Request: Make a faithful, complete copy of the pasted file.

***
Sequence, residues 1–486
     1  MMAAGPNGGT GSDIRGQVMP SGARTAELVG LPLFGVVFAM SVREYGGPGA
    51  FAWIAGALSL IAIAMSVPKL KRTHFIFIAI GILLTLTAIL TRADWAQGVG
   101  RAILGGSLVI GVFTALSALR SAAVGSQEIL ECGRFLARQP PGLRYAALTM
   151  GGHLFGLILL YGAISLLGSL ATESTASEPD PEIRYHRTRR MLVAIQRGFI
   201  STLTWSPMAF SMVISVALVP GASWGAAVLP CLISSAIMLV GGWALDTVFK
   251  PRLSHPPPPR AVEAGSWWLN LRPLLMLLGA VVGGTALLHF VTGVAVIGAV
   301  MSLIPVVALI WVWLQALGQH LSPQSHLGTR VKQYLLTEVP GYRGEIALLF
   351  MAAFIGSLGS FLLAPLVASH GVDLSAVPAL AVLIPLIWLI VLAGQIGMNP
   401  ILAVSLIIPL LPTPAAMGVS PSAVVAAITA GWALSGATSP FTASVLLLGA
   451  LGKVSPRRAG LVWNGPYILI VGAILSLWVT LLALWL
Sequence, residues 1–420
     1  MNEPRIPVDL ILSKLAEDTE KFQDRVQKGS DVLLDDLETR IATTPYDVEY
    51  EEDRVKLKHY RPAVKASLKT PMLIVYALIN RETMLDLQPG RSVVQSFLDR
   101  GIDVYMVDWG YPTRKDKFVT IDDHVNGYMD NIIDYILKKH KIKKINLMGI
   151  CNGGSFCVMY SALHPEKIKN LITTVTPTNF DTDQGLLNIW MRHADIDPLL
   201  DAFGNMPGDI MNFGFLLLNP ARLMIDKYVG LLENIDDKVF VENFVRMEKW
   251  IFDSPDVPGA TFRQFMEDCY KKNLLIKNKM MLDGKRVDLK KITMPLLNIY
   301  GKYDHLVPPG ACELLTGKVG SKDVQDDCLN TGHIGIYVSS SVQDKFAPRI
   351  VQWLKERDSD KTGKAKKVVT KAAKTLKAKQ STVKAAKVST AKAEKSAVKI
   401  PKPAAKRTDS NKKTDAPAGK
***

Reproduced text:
Sequence, residues 1–486
     1  MMAAGPNGGT GSDIRGQVMP SGARTAELVG LPLFGVVFAM SVREYGGPGA
    51  FAWIAGALSL IAIAMSVPKL KRTHFIFIAI GILLTLTAIL TRADWAQGVG
   101  RAILGGSLVI GVFTALSALR SAAVGSQEIL ECGRFLARQP PGLRYAALTM
   151  GGHLFGLILL YGAISLLGSL ATESTASEPD PEIRYHRTRR MLVAIQRGFI
   201  STLTWSPMAF SMVISVALVP GASWGAAVLP CLISSAIMLV GGWALDTVFK
   251  PRLSHPPPPR AVEAGSWWLN LRPLLMLLGA VVGGTALLHF VTGVAVIGAV
   301  MSLIPVVALI WVWLQALGQH LSPQSHLGTR VKQYLLTEVP GYRGEIALLF
   351  MAAFIGSLGS FLLAPLVASH GVDLSAVPAL AVLIPLIWLI VLAGQIGMNP
   401  ILAVSLIIPL LPTPAAMGVS PSAVVAAITA GWALSGATSP FTASVLLLGA
   451  LGKVSPRRAG LVWNGPYILI VGAILSLWVT LLALWL
Sequence, residues 1–420
     1  MNEPRIPVDL ILSKLAEDTE KFQDRVQKGS DVLLDDLETR IATTPYDVEY
    51  EEDRVKLKHY RPAVKASLKT PMLIVYALIN RETMLDLQPG RSVVQSFLDR
   101  GIDVYMVDWG YPTRKDKFVT IDDHVNGYMD NIIDYILKKH KIKKINLMGI
   151  CNGGSFCVMY SALHPEKIKN LITTVTPTNF DTDQGLLNIW MRHADIDPLL
   201  DAFGNMPGDI MNFGFLLLNP ARLMIDKYVG LLENIDDKVF VENFVRMEKW
   251  IFDSPDVPGA TFRQFMEDCY KKNLLIKNKM MLDGKRVDLK KITMPLLNIY
   301  GKYDHLVPPG ACELLTGKVG SKDVQDDCLN TGHIGIYVSS SVQDKFAPRI
   351  VQWLKERDSD KTGKAKKVVT KAAKTLKAKQ STVKAAKVST AKAEKSAVKI
   401  PKPAAKRTDS NKKTDAPAGK